2. Despite the hostile rhetoric from both sides during the U.S. presidential campaign, President Biden begins to restore a constructive diplomatic and trade relationship with China. China A shares lead emerging markets higher.
  3. The success of between five and ten vaccines, together with an improvement in therapeutics, allows the U.S. to return to some form of “normal” by Memorial Day 2021. People are generally required to show proof of vaccination before boarding airplanes and attending theaters, movies, sporting events and other large gatherings. The Summer Olympics, postponed last year, are held in July with spectators allowed to physically attend.
  4. The Justice Department softens its case against Google and Facebook, persuaded by the argument that the consumer actually benefits from the services provided by these companies. Certain divestitures are proposed and surveillance restrictions are applied, but the broad effort to break them up loses support, except in Europe.
  5. The economy develops momentum on its own because of pent-up demand, and depressed hospitality and airline stocks become strong performers. Fiscal and monetary policy remain historically accommodative. Nominal economic growth for the full year exceeds 6% and the unemployment rate falls to 5%. We begin the longest economic cycle in history, surpassing the cycle that lasted from 2010 to 2020.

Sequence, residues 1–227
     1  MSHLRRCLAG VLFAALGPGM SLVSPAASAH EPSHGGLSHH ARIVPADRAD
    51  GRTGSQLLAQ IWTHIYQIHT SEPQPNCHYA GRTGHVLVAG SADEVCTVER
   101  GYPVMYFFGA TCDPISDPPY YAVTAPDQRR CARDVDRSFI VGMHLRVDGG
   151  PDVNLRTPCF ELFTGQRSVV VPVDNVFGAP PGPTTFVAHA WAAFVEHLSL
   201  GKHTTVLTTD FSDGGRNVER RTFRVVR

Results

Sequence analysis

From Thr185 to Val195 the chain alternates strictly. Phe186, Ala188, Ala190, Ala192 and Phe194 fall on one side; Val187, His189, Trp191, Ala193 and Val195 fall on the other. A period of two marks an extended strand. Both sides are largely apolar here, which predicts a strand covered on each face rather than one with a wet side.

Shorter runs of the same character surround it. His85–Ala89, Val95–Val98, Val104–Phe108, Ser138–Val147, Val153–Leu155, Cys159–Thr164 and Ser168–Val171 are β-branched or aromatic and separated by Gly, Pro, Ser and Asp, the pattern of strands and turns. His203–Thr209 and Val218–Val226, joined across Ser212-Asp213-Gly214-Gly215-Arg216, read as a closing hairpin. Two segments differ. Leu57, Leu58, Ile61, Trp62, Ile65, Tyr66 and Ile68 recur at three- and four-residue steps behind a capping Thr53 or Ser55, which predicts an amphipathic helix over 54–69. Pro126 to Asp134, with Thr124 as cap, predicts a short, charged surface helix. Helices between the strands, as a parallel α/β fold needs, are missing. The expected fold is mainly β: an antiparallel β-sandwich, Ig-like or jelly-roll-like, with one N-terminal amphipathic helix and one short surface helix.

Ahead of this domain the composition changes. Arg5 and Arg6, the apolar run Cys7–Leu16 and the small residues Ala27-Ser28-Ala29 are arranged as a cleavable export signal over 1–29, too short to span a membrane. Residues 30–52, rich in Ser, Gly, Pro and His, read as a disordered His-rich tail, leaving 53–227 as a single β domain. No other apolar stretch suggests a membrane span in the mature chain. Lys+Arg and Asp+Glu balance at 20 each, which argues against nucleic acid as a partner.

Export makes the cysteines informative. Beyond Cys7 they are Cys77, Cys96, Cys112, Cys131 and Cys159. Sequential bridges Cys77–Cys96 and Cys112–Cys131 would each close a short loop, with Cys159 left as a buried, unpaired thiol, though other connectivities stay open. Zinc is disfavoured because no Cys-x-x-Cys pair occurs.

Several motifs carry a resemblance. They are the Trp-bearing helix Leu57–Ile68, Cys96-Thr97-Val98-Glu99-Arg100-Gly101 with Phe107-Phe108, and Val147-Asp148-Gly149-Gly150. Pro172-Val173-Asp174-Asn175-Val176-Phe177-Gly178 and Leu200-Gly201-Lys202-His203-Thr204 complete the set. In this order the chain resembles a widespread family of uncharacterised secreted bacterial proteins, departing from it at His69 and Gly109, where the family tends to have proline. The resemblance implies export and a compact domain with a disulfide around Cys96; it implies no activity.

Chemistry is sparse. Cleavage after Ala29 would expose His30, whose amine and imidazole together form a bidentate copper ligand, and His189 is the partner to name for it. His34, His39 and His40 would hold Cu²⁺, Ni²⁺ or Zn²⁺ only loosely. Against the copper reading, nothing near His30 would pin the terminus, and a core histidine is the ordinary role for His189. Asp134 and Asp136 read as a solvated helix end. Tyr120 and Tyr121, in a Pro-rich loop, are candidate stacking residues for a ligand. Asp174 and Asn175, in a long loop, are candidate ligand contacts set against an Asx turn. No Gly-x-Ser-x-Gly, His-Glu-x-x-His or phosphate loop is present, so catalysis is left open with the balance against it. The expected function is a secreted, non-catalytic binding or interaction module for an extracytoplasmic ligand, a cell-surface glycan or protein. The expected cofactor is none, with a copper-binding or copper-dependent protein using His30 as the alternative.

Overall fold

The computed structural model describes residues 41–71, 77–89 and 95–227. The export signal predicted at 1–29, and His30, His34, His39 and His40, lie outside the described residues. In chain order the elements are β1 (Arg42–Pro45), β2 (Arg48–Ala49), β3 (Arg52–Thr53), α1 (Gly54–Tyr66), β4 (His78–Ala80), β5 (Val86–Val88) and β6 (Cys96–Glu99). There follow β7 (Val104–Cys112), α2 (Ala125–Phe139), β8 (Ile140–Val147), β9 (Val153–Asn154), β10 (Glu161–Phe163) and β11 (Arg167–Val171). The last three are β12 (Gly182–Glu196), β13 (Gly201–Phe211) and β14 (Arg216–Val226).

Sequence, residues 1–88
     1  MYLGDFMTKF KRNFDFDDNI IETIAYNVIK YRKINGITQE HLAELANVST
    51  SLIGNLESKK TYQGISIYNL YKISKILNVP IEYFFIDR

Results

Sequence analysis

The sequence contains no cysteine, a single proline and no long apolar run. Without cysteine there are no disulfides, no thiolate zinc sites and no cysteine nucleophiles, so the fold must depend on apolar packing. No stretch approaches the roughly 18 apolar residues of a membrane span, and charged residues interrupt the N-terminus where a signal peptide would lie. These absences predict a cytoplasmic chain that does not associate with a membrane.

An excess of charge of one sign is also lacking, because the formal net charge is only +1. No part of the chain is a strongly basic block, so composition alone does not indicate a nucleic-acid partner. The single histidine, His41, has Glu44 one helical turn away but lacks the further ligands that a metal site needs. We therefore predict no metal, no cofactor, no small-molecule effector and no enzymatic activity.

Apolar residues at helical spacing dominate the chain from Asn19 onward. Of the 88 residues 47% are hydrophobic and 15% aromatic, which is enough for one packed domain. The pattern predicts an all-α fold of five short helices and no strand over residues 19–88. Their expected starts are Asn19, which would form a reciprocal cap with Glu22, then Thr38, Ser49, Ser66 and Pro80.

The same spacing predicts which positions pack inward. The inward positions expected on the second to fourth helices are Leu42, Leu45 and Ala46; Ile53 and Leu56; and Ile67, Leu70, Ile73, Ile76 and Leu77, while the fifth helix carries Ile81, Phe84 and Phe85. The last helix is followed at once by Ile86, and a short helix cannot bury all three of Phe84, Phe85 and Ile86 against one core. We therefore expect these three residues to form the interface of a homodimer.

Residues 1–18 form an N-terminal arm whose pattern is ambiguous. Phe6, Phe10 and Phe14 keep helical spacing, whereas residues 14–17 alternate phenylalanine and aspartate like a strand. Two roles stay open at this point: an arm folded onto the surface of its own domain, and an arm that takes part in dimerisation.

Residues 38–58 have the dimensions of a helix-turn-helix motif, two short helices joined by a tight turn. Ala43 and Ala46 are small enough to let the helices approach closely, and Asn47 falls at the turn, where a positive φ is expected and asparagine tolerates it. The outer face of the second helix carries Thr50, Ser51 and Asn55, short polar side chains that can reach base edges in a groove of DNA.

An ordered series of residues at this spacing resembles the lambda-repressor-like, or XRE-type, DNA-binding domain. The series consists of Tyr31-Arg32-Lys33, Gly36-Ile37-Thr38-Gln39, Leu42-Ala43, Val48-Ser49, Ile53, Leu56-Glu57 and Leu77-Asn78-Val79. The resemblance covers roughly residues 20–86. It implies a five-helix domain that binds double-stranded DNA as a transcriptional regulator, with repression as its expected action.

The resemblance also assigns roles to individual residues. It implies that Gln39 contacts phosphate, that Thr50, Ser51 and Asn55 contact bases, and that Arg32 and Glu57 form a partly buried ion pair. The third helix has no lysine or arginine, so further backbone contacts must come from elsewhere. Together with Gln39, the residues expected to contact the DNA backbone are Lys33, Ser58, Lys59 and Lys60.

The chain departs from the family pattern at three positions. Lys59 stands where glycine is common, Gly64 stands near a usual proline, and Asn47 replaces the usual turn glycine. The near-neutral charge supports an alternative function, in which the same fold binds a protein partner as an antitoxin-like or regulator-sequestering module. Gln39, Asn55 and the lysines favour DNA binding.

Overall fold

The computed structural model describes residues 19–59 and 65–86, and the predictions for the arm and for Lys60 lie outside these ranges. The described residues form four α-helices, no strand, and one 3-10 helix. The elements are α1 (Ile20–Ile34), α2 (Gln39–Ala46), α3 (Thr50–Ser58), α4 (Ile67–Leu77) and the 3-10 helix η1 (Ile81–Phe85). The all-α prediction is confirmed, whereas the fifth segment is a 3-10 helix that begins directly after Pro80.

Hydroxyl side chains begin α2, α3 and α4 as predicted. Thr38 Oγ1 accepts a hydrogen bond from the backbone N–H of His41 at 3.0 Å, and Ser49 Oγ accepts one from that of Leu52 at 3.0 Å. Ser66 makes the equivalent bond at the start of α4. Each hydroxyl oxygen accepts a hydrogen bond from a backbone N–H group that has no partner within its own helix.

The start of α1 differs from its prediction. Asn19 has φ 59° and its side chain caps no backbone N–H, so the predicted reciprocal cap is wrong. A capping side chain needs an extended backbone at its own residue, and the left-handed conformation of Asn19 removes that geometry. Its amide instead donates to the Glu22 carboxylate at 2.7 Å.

6. The Federal Reserve and the Treasury openly embrace Modern Monetary Theory as their accommodative policies continue. As long as growth exceeds the rate of inflation, deficits don’t seem to matter. Because inflation increases modestly, gold rallies and cryptocurrencies gain more respect during the year.
  7. Even as energy company executives cut estimates for long-term growth, near-term opportunities are increasing. The return to “normal” increases both industrial activity and mobility, and the price of West Texas Intermediate oil rises to $65/bbl. Rig counts increase and energy high yield bonds rally soundly. Energy stocks are among the best performers in 2021.
  8. The equity market broadens out. Stocks beyond health care and technology participate in the rise in prices. “Risk on” is not without risk and the market corrects almost 20% in the first half, but the S&P 500 trades at 4,500 later in the year. Cyclicals lead defensives, small caps beat large caps and the “K” shaped equity market recovery unwinds. Big cap tech is the source of liquidity, and the stocks are laggards for the year.
  9. The surge in economic growth causes the 10-year Treasury yield to rise to 2%. The yield curve steepens, but a concomitant increase in inflation keeps real rates near zero. The Fed wants the strength in housing and autos to continue. As a result, it extends the duration of bond purchases in order to prevent higher rates at the long end of the curve from choking off credit to consumers and businesses.
  10. The slide in the dollar turns around. The post-vaccine strength of the U.S. economy and financial markets attracts investors disenchanted with the rising debt and slower growth of Europe and Japan. Treasurys maintain a positive yield and the carry trade continues.